Scattering From 1D Periodic Structures

ρ ( x + ma) = ρ ( x) ⇒ ρ ( x) = ∑ ρn e iGn x

n n n

n n

2nπ

e iGn ma

= 1 ⇒ Gn =

a

15

PHYS 624: Experimental Determination of Crystal Structures

Scattering from 3D Periodic Structures

G ⋅ rn = 2mπ , m ∈ ℤ

g1 ⋅ a1 = 2π, g2 ⋅ a1 = g3 ⋅ a1 = 0

16

PHYS 624: Experimental Determination of Crystal Structures

Reciprocal Lattice (in Reciprocal Space)

reciprocal lattice:

a2 ×a3 a3 ×a1 a1 ×a2

g1 = 2π , g2 = 2π , g3 = 2π

a1 ⋅ (a2 ×a3 ) a1 ⋅ (a2 ×a3 ) a1 ⋅ (a2 ×a3 )

http://www.matter.org.uk/diffraction/geometry/sperposition_of_waves_exercises.htm

(2π )3 (2π )3

ΩBZ =| g1 ⋅ (g2 × g3 ) |= =

| a1 ⋅ (a2 × a3 ) | ΩPUC

Real-space and reciprocal lattice have the same point

group symmetry (but do not necessarily have the same

Bravais lattice: example FCC and BCC are reciprocal to

each other with point group symmetry Oh).

17

PHYS 624: Experimental Determination of Crystal Structures

Scattering intensity for a crystal: Laue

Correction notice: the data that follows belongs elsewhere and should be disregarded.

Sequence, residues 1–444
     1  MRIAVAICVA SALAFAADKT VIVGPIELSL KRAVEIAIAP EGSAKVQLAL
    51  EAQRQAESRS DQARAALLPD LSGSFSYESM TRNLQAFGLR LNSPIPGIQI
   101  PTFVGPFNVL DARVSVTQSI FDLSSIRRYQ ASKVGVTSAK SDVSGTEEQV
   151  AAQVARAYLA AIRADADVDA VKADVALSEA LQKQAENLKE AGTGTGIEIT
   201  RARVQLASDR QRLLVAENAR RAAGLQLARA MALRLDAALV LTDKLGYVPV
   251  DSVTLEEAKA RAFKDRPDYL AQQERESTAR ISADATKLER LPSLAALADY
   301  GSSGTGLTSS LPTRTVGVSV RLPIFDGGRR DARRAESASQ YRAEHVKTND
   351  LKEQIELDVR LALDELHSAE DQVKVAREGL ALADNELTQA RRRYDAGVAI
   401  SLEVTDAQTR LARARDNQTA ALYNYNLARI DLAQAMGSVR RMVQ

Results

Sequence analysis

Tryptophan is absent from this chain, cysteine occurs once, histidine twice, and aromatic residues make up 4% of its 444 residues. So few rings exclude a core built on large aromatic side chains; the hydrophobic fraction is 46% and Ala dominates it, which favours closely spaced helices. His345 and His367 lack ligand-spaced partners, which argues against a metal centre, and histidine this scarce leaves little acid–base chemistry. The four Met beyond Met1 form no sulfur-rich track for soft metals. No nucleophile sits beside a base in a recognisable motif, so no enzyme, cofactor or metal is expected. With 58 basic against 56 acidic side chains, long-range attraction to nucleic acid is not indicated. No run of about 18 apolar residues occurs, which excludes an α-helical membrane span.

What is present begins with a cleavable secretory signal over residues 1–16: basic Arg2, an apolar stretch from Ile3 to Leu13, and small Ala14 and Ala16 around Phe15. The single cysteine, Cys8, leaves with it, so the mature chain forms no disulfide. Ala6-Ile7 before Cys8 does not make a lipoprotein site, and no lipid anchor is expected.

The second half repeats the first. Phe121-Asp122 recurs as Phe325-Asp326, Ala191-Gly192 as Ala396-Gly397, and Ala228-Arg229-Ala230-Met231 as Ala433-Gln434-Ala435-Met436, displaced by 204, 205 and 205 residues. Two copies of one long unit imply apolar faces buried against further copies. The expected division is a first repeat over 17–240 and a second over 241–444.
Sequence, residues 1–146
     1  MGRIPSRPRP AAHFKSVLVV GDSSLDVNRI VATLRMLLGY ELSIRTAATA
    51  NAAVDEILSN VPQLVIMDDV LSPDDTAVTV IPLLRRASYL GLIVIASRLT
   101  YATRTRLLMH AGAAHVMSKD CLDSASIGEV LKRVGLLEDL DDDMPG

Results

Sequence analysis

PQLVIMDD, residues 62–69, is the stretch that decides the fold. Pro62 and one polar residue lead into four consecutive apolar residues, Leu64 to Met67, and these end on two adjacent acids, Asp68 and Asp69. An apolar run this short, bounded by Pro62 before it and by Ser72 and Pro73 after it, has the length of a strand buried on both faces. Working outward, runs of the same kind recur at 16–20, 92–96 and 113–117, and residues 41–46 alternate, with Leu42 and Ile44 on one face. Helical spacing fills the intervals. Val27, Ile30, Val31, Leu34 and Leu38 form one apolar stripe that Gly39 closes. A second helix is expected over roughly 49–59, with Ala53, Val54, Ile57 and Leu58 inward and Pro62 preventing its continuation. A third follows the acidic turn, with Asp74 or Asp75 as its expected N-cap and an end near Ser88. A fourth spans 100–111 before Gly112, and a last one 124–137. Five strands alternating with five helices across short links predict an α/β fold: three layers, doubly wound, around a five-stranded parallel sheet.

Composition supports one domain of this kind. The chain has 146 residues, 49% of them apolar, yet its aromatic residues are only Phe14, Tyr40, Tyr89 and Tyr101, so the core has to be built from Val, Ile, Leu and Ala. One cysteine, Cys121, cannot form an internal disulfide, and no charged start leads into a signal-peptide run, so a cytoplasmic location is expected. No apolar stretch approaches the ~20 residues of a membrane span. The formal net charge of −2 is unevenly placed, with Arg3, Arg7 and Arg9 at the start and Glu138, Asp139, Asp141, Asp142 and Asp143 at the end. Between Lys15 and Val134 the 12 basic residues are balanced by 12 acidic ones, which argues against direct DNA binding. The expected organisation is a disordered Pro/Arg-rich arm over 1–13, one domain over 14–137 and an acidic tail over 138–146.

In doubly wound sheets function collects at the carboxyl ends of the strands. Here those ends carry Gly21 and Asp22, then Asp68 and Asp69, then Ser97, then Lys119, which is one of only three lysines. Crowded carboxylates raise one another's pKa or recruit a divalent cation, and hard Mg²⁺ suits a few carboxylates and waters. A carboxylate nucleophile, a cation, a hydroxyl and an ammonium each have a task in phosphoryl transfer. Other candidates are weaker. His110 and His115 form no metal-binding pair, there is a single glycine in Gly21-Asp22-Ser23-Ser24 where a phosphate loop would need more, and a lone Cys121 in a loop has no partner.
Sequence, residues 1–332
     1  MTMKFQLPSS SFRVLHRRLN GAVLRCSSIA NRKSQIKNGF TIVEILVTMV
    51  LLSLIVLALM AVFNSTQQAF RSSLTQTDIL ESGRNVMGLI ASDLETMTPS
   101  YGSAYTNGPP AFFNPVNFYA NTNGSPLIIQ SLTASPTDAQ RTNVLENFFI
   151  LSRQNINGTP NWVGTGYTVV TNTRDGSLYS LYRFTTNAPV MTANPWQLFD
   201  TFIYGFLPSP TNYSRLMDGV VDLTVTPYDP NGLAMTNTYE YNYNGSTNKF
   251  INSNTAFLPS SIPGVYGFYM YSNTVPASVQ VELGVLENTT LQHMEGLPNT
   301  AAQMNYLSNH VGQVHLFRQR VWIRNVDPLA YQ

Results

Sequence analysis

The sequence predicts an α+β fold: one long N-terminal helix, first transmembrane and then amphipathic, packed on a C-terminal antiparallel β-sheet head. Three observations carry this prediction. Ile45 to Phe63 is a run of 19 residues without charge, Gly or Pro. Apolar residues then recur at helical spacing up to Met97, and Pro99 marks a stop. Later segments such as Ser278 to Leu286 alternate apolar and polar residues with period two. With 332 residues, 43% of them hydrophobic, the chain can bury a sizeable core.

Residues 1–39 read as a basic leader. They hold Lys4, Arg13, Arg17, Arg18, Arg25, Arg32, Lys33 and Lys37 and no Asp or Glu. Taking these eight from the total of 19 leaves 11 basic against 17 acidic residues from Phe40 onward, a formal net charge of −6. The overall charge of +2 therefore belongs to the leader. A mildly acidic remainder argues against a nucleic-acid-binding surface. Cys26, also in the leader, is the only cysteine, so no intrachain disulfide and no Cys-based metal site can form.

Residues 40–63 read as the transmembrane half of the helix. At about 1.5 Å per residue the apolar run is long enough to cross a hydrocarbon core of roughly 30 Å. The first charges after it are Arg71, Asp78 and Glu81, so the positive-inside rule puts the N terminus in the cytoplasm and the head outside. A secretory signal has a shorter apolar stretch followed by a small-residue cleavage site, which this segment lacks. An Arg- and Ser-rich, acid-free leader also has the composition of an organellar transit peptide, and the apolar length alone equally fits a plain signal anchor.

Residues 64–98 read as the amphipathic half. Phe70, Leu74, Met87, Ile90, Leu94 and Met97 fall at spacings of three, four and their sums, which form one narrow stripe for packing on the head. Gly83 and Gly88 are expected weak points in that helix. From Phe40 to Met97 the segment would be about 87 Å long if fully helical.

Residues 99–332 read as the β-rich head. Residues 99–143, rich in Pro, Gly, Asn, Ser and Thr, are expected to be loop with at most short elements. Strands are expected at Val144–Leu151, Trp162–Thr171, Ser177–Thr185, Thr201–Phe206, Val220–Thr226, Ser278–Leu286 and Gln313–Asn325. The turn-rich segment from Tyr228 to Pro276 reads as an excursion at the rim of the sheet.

2

A0

ρ (r) = ∑ ρG e iGr

⇒ I B (K ) ∝ 2 ∫ ∑ G

dr ρ e − i ( K −G ) r

G R′ G

− i ( K −G ) r V , G = K

∫e dr =

0, G ≠ K

V − lattice volume

A0

I B ( K ) ∝ 2 ρ G V 2δ G , K

2

R′

This is called Laue condition for scattering. The fact that this

2

is proportional to V rather than V indicates that the

diffraction spots, in this approximation, are infinitely bright

(for a sample in thermodynamic limit) → when real

broadening is taken into account, I B ( K ) ∝ V

18

PHYS 624: Experimental Determination of Crystal Structures

Freidel Rule

I hkl ∝ ρ hkl

2

ρ (r ) ∈ ℝ ⇔ ρ G = ρ *

−G

I − h − k − l ≡ I hkl = I hkl

•For every spot at k′ − k0 = G , there will be one at k − k0 = G.

Thus, for example, if we scatter from a crystal with a 3-fold